Ocean Carrier Realignments Trigger Significant Change for Intermodal

Over the past year, ocean carrier realignments through new alliances and consolidations have transformed the path of international intermodal cargo to and from North America, creating a variety of operational changes.

Since early 2017, the number of alliances has declined from four to three. THE Alliance counts five members, including CMA CGM, COSCO, Orient Overseas Container Line (OOCL) and Evergreen. The members of the Ocean Alliance are the ONE Network, Hapag Lloyd, United Arab Shipping and Yang Ming. Maersk Line and Mediterranean Shipping Co. comprise the 2M alliance.

The Japanese carriers NYK Line, K Line and Mitsui O.S.K. Lines recently combined their international service offerings into the ONE Network. China’s COSCO combined forces with China Shipping and later agreed to a merger with OOCL. Maersk agreed to acquire Hamburg Sud.


These moves are part of a long-term shift that has resulted in the 10 largest ocean carriers now moving 80 percent of container cargo, compared with just 12 percent 20 years ago, said Lars Jensen, CEO of Denmark-based SeaIntelligence Consulting.

Officials from several key U.S. ports, as well as industry experts, explained to Intermodal Insights how the changes have affected North America’s intermodal network in a variety of ways.


"The recent consolidation and alliance changes present new opportunities for ocean carriers to optimize their services," such as vessel planning for the ocean portion, said Noel Hacegaba, chief commercial officer at the Port of Long Beach.

"The efficiencies gained from consolidation and realignment need to be met by efficiencies on the landside," Hacegaba said. "The extent that the ocean carriers under the new alliances can coordinate operations with trucking and rail providers will be a key to determine the value and advantages that the new alliances can deliver."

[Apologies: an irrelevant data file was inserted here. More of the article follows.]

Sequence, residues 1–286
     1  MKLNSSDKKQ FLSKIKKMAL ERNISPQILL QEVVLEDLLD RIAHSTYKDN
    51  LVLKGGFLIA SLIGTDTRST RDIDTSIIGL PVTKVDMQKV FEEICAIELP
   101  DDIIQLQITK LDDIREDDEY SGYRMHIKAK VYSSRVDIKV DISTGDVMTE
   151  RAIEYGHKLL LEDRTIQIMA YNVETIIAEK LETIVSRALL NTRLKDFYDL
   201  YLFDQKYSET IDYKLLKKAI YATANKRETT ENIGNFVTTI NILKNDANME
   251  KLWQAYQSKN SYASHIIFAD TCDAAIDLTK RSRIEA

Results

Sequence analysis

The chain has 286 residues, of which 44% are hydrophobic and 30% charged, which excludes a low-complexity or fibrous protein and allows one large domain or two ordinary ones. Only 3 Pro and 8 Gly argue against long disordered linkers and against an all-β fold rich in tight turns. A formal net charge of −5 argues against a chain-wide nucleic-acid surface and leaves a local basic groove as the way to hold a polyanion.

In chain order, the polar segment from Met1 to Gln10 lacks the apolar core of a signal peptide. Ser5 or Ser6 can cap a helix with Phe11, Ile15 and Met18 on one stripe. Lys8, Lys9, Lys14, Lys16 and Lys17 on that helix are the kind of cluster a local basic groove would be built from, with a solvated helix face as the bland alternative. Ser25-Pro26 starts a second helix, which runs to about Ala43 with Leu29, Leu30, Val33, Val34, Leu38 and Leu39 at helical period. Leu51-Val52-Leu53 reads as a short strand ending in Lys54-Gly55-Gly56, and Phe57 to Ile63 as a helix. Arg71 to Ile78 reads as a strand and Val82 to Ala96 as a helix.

An example, he said, was the ONE Network’s move to consolidate its inland intermodal service with a single railroad to optimize that service.

Inland Network Consolidation

Mike Reilly, director of intermodal business development for the Northwest Seaport Alliance, said the ports of Seattle and Tacoma, Washington have benefitted from the alliances through increased business volume. The new arrangements have led rail operators Union Pacific and BNSF Railway to run daily trains that are nearly two miles long. In addition, transloading and related domestic intermodal moves are increasing. A short-haul service linking the Washington state ports with Portland, Oregon has also been started.

Reilly also explained broader forces that are at work. "We are seeing that beneficial cargo owners, non-vessel operators and 3PLs, along with the ocean carriers, are deciding which gateway do they want to call, based on service options, terminal fluidity, ease of doing business, and a road and rail network that can handle new business," he explained.

Lenis Rodrigues, a spokeswoman for the Port of New York and New Jersey, said there have been limited changes to inland intermodal freight patterns from alliance modifications and consolidation. CSX and Norfolk Southern provide inland intermodal rail services for ocean carriers that are seeking to maximize the inland head-haul and back-haul moves.

"All of the ocean carriers are taking advantage of the express rail systems to move intermodal freight well before the ships leave the port," she said, through opportunities that are available to both alliances and independent operators. "Rail volume at the PANYNJ continues to increase since the arrival of these larger ships."

Long-Term Commitment